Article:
A research project at a Virginia treatment facility looks at the energy generation potential of a microbial fuel cell.
It takes a long time to develop new technologies. The hydrogen fuel cell, now growing in popularity at wastewater treatment plants, was invented in 1839.
But it would take until the 1960s before NASA became the first to use them in a real-life application, generating electricity and water for manned space flights, and many more years before the technology came to the market.
“The government invested so much money, and it still took 40 years for the hydrogen fuel cell to be commercialized,” says Jason He, associate professor of civil and environmental engineering at the Virginia Tech College of Engineering. He’s been working on a similar technology for 12 years.
The microbial fuel cell both cleans wastewater and uses electrons released during the digestion process to generate electricity. A small version is now being tested at the 9 mgd (design) Pepper’s Ferry Regional Wastewater Treatment Authority in Radford, Virginia.
A microbial fuel cell is designed to capture electrons released as organic material breaks down, according to He: “A hamburger is an organic compound. When food digests in our body, it releases electrons through oxidation.
“In regular anaerobic digestion, the electrons are stored as methane, so we get biogas. A microbial fuel cell is a similar process, except that we put in electrodes so we can harvest the electrons and get electricity. That’s one of the major benefits of this technology, the direct generation of electricity.”
The challenge with wastewater is the relatively low organic loading. “When you use a pure substrate like glucose, you get very high efficiency, 60 to 80 percent of the organics converted to electricity,” says He. “It’s much lower when you use wastewater, around 20 percent.”
When he first began exploring the technology, He thought the fuel cell would compete with anaerobic digestion. He now thinks the two can help each other when dealing with higher-strength wastewater. A niche for the microbial fuel cell, however, is probably low-strength wastewater.
“If you have BOD lower than 1,000 mg/L, an engineer probably won’t recommend anaerobic digestion,” he says. “We would look at aerobic treatment like an activated sludge process. In this area, microbial fuel cells could be a competitor.”
He began his microbial fuel cell project while serving as an assistant professor in the Department of Civil Engineering and Mechanics at the University of Wisconsin-Milwaukee from 2009 to 2013.
A small version of the reactor was tested at Milwaukee Metropolitan Sewerage District’s 300 mgd South Shore Water Reclamation Facility in 2012. The 4-liter system operated for 450 days using primary effluent from the plant’s settling tanks and demonstrated the capability to treat wastewater and recover energy with low biosolids production and low energy consumption.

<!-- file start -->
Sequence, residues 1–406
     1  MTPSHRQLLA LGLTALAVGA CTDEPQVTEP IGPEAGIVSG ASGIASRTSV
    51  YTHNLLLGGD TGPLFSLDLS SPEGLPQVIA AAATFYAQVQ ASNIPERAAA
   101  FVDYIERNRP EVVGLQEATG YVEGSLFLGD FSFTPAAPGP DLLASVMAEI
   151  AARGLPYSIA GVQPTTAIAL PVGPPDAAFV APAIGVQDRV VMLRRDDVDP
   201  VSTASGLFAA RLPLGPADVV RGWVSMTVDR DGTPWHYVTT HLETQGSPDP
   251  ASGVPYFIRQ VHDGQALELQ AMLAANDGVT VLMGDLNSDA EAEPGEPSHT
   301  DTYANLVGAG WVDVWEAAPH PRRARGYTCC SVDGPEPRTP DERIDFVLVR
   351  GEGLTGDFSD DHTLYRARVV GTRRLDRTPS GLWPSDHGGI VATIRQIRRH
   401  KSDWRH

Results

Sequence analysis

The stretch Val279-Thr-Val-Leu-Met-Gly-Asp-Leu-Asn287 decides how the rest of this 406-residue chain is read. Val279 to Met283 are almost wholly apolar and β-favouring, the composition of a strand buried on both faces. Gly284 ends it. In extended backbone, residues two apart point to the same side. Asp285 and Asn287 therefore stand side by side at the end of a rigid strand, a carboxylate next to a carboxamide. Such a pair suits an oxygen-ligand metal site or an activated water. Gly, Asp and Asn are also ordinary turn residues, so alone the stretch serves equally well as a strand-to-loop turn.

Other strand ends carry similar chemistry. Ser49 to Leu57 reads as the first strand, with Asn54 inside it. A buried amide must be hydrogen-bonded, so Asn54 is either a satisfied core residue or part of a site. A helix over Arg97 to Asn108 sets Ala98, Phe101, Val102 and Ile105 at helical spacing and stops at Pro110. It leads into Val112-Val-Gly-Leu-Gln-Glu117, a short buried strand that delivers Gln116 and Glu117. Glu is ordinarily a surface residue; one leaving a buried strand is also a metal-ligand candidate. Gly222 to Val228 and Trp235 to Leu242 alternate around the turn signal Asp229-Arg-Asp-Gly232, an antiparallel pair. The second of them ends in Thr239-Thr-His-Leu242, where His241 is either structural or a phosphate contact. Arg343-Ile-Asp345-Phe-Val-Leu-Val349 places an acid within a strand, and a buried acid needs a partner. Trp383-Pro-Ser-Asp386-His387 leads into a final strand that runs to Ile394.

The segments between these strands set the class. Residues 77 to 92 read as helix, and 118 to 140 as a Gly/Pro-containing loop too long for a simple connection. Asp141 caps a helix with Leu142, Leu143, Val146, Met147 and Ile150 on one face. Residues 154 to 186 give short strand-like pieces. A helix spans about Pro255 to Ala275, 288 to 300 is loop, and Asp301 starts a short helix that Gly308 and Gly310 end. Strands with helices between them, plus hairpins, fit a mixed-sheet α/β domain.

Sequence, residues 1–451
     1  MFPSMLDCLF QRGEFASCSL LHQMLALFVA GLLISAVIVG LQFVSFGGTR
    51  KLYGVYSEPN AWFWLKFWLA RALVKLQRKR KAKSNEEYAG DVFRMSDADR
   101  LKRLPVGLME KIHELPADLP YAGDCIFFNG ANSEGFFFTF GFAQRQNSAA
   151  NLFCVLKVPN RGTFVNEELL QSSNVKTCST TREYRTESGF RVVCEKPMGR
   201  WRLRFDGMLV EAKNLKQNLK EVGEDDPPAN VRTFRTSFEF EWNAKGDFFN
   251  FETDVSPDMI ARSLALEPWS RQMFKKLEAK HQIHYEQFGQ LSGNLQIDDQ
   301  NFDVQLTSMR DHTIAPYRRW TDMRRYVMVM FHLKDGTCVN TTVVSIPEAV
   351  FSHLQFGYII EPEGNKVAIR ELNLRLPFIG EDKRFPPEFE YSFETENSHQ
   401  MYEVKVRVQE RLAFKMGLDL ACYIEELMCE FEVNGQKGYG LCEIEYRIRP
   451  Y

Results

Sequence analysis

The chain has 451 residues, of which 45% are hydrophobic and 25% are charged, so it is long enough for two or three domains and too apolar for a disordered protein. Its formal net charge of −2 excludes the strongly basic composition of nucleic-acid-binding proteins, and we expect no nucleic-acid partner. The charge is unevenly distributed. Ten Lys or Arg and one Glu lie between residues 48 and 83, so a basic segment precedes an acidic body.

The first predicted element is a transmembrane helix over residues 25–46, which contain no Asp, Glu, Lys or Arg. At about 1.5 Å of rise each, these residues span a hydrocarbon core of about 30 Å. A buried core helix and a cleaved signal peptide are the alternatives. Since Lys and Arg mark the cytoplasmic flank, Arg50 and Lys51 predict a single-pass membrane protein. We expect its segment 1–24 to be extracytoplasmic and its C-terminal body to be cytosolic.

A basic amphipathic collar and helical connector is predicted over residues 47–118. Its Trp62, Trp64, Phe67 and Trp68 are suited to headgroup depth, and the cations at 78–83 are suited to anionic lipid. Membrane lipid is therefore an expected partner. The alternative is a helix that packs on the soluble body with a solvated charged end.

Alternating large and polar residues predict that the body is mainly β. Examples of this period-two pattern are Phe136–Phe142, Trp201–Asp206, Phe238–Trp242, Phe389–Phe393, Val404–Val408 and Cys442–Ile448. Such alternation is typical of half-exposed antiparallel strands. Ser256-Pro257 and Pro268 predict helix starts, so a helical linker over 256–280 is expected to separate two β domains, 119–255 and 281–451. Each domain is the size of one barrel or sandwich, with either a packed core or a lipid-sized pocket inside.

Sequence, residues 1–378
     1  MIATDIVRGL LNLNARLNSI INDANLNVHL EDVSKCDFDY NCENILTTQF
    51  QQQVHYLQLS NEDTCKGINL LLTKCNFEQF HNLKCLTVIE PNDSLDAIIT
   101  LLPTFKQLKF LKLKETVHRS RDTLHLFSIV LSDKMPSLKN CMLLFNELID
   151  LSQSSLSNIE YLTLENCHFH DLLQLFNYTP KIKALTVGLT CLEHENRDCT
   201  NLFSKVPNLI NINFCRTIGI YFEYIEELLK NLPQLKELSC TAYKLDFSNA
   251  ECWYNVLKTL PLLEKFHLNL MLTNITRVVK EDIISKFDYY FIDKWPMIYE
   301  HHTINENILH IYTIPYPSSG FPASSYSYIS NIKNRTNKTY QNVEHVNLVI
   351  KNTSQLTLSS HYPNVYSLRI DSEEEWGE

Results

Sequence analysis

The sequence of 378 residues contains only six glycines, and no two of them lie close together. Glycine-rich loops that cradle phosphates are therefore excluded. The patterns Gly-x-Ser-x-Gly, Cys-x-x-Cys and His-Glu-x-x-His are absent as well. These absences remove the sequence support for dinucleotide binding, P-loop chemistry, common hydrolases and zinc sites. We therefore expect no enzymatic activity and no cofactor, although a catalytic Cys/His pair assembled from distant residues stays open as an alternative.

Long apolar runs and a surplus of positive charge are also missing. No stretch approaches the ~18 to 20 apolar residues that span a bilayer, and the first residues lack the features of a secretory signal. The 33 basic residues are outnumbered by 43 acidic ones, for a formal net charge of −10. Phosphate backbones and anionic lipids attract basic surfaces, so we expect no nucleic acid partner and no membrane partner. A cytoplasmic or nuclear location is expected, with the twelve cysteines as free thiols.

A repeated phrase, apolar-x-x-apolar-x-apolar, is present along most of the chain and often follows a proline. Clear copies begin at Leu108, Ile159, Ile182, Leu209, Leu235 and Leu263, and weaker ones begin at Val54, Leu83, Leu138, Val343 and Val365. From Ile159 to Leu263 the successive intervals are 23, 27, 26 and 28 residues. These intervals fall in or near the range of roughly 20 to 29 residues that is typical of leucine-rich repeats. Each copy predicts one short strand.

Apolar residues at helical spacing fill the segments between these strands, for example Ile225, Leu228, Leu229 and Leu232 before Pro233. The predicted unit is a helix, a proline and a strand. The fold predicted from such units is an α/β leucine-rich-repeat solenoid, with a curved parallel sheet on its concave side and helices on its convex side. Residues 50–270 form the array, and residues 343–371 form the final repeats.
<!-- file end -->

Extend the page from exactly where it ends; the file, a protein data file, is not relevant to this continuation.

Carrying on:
It was enough to convince He to scale up his test, and he has done so since he moved to Virginia Tech in 2013. A 200-liter system has been in use at Pepper’s Ferry for more than a year with help from a National Science Foundation grant.
Electrical production in the South Shore project was low and variable, depending on conditions such as organic concentrations, conductivity in the primary effluent, and air temperature (the system was set up in an unheated room). Production was generally around 0.02 kWh per cubic meter of treated wastewater, but did show a positive energy balance.
In the Pepper’s Ferry research, electrical production was less then theorized, just below 0.01 kWh per cubic meter. But it made enough to operate a 60-watt DC recirculation pump periodically. There was a slight positive energy balance at lower recirculation but a net energy loss at higher rates. Again, many variables were in play in the design of the system and the ways it was used during the testing.
The results still indicate to He that the microbial fuel cell is a promising wastewater treatment alternative: “Although electrical production is low, electrical consumption is very low. We now see the major advantages being lower energy consumption and low sludge production.”
Getting to market
His project is approaching the difficult point all new ideas eventually reach — bridging the gap between concept and commercial product. “Commercialization is always a big challenge,” He says. “There are limitations for university researchers. I only have my students to make the 200-liter system in the lab. It was tough.”
Having taken the concept from the lab to bench testing to the transitional testing phase at Pepper’s Ferry, he is now waiting for a proposal to take the next step to build a research project about twice the size.
After that, it would be time for a full pilot project. That will probably happen in about five years, and He says it will definitely require an industry partner. He estimates that a full-scale system would have capital costs comparable to a small wastewater treatment plant. “It’s a new concept so there’s high risk, obviously.”